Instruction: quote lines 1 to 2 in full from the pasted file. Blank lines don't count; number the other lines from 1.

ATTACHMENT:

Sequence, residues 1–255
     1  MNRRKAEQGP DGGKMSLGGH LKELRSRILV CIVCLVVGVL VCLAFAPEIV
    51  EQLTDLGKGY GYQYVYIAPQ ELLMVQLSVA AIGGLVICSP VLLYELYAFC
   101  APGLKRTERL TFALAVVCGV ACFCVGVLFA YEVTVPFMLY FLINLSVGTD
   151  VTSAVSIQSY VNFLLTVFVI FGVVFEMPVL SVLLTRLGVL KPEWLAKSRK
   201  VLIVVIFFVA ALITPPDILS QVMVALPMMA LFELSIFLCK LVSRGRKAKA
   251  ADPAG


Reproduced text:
Sequence, residues 1–255
     1  MNRRKAEQGP DGGKMSLGGH LKELRSRILV CIVCLVVGVL VCLAFAPEIV